- Google Nexus 7 and Android 4.1 @ AnandTech
- Galaxy S III Review: Samsung's Worthy New Flagship @ TechSpot
- Android 4.1 Jelly Bean vs Windows Phone 8 Apollo @ The Inquirer
Subject: General Tech | June 27, 2012 - 02:48 PM | Tim Verry
Tagged: tablet, google io, google drive, google, developers, conference, chrome, asus, Android
Every June, the tech world lights up with numerous tech conferences that pack dense information into a couple days (and takes weeks to fully decompress). One of the bigger conferences (by a single company, Computex is its own beast) is Google I/O.
The biggest rumor to come out concerning this year’s Google I/O announcements is an ASUS manufactured 7-inch Nexus Tablet. It is allegedly packing some high end hardware with the Tegra 3 Soc, up to 16GB of memory, IPS display, and an extremely attractive price at less than $200. Beyond that, we can expect Jelly Bean (Android 4.1) information, developer talks, software demos, and more talk of Google Wallet, and NFC technology. Heck, Google may even make a second attempt at pushing Android@Home (or maybe not heh).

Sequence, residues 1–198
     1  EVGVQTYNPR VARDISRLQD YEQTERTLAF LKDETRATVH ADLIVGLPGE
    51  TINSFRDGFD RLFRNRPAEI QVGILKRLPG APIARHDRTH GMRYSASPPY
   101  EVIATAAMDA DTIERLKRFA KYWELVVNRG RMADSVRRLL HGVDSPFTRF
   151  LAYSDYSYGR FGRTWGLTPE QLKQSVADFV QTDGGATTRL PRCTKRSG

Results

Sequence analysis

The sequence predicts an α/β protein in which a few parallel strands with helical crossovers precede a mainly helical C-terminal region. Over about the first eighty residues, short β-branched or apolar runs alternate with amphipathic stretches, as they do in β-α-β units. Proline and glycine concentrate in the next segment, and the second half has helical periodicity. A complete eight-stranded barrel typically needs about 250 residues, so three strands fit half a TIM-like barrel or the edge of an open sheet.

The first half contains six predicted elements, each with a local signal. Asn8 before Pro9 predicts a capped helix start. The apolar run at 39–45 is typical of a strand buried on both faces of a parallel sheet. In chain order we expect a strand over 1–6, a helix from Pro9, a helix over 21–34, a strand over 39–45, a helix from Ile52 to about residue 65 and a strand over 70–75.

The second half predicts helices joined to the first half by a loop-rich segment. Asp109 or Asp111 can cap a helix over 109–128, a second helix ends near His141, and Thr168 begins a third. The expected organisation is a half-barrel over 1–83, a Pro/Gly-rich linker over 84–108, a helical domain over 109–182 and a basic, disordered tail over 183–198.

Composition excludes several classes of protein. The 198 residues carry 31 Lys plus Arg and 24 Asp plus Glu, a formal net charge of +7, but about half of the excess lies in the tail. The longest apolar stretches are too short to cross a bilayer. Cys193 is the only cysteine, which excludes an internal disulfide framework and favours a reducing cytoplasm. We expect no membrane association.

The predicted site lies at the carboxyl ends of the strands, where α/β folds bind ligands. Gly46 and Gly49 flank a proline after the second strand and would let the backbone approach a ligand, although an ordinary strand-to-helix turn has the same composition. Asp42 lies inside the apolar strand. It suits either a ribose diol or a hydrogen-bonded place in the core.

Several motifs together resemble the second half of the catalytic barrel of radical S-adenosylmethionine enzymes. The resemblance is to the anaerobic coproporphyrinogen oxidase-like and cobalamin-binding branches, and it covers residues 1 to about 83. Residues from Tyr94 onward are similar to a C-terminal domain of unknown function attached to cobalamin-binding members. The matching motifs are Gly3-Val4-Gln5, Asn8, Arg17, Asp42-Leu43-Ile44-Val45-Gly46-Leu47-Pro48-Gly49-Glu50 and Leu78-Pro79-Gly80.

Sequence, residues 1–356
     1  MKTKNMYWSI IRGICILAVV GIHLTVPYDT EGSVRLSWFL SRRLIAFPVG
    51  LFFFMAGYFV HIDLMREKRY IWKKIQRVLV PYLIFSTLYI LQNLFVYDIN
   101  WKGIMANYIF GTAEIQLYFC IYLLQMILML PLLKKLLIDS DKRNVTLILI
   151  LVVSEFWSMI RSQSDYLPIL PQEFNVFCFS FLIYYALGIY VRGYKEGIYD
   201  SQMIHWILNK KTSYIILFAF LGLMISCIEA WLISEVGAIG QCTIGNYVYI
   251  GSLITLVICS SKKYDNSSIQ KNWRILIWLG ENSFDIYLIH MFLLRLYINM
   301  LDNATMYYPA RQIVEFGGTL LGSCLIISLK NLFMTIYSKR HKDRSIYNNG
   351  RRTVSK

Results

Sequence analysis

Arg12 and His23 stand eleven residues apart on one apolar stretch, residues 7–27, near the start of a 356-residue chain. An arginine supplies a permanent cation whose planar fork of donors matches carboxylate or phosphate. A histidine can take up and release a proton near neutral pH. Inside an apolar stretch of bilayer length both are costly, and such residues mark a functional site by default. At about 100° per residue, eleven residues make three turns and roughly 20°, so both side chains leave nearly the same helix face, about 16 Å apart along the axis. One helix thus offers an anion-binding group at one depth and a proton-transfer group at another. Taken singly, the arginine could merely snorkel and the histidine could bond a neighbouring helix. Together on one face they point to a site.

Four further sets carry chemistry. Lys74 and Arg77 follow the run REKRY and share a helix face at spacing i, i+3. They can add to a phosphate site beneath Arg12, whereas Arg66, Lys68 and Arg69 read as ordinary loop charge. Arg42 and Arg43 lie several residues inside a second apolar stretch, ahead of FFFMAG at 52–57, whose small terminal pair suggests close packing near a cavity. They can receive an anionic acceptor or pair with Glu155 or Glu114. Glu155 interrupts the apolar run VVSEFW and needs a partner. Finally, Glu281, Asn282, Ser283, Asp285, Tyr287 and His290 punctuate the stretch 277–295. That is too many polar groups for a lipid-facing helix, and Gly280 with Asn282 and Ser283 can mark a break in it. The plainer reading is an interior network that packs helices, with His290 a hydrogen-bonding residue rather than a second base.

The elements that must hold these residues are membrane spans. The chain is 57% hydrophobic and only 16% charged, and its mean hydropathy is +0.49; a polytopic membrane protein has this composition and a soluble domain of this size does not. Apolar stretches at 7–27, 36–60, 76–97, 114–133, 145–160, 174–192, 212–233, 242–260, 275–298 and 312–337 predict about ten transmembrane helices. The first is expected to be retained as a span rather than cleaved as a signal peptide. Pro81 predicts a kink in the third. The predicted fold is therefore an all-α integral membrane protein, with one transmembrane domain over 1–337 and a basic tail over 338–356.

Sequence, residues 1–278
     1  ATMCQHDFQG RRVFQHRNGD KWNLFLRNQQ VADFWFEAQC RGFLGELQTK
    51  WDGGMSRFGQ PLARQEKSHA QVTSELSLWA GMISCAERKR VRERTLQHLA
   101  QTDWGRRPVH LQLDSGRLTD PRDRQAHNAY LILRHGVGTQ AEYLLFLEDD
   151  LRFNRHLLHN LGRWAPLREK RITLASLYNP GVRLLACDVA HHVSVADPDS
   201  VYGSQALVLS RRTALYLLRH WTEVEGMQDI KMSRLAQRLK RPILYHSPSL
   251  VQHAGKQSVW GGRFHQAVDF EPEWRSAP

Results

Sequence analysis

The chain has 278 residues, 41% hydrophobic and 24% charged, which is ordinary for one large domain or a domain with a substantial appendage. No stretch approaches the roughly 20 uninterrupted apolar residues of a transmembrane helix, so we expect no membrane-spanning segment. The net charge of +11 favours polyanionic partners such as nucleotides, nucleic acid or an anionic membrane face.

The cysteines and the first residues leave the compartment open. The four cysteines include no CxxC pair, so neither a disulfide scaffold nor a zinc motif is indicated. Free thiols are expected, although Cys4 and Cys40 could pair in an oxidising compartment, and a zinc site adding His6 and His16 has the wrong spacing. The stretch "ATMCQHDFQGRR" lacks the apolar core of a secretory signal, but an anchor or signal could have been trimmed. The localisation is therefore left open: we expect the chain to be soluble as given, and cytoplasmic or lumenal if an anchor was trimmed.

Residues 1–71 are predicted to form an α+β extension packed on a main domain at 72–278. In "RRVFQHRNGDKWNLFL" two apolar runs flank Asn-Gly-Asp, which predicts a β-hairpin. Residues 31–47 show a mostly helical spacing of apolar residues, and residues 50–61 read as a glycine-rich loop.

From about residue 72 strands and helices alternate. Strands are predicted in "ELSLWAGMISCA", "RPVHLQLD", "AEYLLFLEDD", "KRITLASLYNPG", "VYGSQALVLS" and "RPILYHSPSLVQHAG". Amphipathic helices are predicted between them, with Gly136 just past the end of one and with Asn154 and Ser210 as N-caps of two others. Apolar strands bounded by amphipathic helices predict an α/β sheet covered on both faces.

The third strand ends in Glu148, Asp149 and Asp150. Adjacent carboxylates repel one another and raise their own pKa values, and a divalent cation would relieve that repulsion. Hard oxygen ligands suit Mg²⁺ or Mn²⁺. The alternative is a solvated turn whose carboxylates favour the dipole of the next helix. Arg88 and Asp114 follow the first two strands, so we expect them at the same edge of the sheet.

Being June 27th, it is the first day of Google I/O and that means it is time for keynotes! On the schedule for today, Google has talks on the new aspects of Android, Google Play, cloud computing, Youtube cloud rendering, Google+ (including Hangouts), and new features of Google Maps. They also have talks scheduled with Google Drive information that should demo some of the things developers can do with the Drive SDK.
We are excited to see if the Nexus tablet rumors are true or not, as well as learning more about the latest version of Android. If you are interested in watching the event, check out the Google I/O schedule where you can tune into the most of the events live. The first event starts soon at 9:30am PST!
Check back later today for updates!
Update: (9:00 PST) A leaked screenshot indicates that the Nexus tablet may be called the Nexus 7.